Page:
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Defying the odds to run the London Marathon


In 2011, at the age of 46, Andy underwent what should have been a minor operation to remove a lump in his neck. Unfortunately a serious complication caused him to suffer a massive stroke following surgery. Doctors gave him a 5% chance of survival.

Defying the odds

Andy was a high-profile motorcycle journalist, test rider, author, riding coach and Managing Director of a superbike school. He was at the peak of a high-flying career that took him around the world. This all came crashing down following his stroke.

He defied the odds after doctors gave him a 5% chance of survival. But the stroke left him with only half of his brain functioning properly. It had damaged the areas controlling language expression and comprehension, as well as the areas controlling the right side of his body. He was unable to speak and unable to use his right arm.

Returning home after six months in hospital, Andy was unable to do anything for himself. He couldn’t walk, talk, eat, drink, or dress himself. He had to relearn everything. It took four long years of very hard work to regain his mobility and his ability to talk, work that is still ongoing.

Unable to get a job, however, after two more years he hit rock bottom and couldn’t see any reason to keep going. But his wife inspired him to look for a new challenge. That was the start of his journey back.

A true inspiration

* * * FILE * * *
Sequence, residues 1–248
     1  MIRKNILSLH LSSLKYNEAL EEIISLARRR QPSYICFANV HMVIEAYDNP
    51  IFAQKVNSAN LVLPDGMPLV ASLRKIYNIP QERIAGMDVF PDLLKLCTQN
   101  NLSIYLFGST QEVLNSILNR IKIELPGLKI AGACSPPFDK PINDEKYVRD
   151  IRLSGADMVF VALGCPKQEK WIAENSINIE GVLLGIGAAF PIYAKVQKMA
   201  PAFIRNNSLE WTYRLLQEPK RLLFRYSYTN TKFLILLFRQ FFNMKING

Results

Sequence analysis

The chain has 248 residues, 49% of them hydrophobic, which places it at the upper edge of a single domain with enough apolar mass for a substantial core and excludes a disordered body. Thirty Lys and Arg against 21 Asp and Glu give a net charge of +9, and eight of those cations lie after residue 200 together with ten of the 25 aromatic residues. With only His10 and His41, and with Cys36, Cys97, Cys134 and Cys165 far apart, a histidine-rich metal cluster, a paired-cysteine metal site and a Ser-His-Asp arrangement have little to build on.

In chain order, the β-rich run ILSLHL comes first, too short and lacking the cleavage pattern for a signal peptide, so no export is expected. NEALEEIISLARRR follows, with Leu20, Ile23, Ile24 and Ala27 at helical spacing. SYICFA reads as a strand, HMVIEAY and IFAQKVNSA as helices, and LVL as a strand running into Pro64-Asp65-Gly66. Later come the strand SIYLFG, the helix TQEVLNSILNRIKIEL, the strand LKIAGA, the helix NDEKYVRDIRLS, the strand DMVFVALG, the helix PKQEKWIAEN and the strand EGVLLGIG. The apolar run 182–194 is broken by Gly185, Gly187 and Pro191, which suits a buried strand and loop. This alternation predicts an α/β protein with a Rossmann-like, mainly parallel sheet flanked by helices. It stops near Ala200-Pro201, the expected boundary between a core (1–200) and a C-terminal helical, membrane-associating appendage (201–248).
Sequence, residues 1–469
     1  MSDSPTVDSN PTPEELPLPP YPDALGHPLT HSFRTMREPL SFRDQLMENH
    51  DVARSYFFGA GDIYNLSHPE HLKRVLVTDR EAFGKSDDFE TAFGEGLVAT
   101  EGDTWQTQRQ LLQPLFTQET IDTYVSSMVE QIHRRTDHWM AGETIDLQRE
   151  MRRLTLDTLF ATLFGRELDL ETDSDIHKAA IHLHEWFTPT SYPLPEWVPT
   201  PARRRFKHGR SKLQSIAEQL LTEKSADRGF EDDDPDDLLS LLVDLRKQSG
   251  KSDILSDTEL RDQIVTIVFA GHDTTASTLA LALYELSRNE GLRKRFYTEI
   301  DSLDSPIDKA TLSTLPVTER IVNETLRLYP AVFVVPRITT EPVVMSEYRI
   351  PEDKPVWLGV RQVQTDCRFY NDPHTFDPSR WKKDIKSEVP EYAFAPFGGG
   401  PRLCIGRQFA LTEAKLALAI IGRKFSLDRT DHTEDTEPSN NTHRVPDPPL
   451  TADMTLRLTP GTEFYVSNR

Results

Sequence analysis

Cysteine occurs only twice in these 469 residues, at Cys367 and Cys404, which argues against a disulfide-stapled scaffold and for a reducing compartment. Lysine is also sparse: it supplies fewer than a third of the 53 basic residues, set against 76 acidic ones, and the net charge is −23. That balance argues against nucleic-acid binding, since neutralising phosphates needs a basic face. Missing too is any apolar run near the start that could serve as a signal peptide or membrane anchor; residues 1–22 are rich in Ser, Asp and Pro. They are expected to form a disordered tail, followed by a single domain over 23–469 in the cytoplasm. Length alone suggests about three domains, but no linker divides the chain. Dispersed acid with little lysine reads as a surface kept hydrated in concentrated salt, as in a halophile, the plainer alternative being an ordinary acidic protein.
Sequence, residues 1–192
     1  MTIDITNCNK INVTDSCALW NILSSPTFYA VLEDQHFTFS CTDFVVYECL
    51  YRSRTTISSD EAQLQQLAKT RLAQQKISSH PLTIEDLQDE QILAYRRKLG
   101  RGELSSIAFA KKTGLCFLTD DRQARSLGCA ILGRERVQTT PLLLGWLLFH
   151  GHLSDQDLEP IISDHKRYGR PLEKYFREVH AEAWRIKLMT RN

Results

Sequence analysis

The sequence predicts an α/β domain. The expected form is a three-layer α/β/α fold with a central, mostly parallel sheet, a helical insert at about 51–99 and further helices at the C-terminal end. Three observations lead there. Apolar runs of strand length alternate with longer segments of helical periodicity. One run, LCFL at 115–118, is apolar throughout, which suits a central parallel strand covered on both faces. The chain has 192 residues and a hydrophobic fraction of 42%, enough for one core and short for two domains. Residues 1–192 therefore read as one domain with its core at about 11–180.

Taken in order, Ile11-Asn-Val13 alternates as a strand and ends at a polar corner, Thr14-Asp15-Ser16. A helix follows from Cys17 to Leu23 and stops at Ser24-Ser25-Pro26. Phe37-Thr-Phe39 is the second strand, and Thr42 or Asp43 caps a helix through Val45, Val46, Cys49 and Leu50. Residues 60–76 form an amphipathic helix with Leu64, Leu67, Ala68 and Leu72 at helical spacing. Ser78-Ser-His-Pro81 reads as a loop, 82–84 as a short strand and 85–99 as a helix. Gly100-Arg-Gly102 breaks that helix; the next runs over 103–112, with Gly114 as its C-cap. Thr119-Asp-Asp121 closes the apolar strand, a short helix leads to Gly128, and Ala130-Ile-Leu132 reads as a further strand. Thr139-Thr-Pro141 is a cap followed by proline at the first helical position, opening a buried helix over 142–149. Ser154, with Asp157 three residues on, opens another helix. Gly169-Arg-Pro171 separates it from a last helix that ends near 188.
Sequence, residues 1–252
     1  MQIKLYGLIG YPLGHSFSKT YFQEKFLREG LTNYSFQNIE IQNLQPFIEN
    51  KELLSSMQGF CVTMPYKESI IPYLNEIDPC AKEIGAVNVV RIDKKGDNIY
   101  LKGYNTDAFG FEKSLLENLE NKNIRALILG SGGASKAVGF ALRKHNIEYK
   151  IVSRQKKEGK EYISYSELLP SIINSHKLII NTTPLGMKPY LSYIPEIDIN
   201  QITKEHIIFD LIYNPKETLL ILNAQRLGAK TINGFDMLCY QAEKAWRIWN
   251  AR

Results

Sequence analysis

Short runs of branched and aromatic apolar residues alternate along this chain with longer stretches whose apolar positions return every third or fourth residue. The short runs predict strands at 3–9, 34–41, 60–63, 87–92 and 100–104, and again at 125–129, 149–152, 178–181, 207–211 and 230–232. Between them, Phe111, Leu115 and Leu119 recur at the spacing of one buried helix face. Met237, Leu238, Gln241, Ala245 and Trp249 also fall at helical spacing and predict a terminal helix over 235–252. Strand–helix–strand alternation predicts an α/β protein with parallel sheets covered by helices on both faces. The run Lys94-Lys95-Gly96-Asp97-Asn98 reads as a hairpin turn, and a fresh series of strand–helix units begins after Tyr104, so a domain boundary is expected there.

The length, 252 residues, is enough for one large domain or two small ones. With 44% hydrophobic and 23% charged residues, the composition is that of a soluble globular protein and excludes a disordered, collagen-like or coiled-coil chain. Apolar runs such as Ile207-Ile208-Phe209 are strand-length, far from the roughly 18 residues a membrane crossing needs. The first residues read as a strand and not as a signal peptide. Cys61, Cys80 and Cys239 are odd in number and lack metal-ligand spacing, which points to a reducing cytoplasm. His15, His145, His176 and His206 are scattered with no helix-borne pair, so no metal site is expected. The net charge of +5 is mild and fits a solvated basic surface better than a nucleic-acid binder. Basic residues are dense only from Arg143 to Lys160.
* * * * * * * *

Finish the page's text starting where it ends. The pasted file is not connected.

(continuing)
Andy's first challenge was walking to the end of the road and back. 50 metres. Then one mile to the school and back. It built from there.

Since then, he has completed a 7-day ultra-marathon in the Sahara Desert, climbed to Everest base camp, undertaken numerous other endurance challenges, as well as completing a university degree, and building a life as a motivational speaker. He has also found his way back to coaching young riders.

Most recently, Andy completed the 26.2 miles of the 2024 London Marathon, raising more than £3,000 for vital brain research!

A life without challenges is no life at all.  We aren’t here to exist and hang on to life. We are here to be the best we can be. I’m not able to do everything I could, and I don’t have the high flying career I once had, but I can still keep reaching, and I can inspire others to do so too. I hope that my story will show others that life’s adversities don’t have to define us - it’s having the determination to fightback that matters. 

Funding research into brain injury and stroke

Whilst thankfully more people are surviving stroke than ever before, this means that an increasing number of people are living with its after-effects. There are an estimated 1.3 million stroke survivors in the UK today.

The range of disabilities associated with stroke is greater than for any other condition and includes limb weakness, visual problems, and language and communication problems. We are funding research to advance understanding of how to repair the damage caused by stroke, to facilitate recovery and improve the lives of those affected.

With our funding, Dr Barry McColl at the University of Edinburgh is working towards the development of a new treatment that could boost brain repair in stroke survivors and improve recovery. Find out about Barry’s research and our other stroke projects.

The money raised by Andy and all of this year's London Marathon Team #BrainResearch directly enables us to fund more vital brain research. It's not too late to recognise Andy's incredible achievement by sponsoring him, please visit his fundraising page.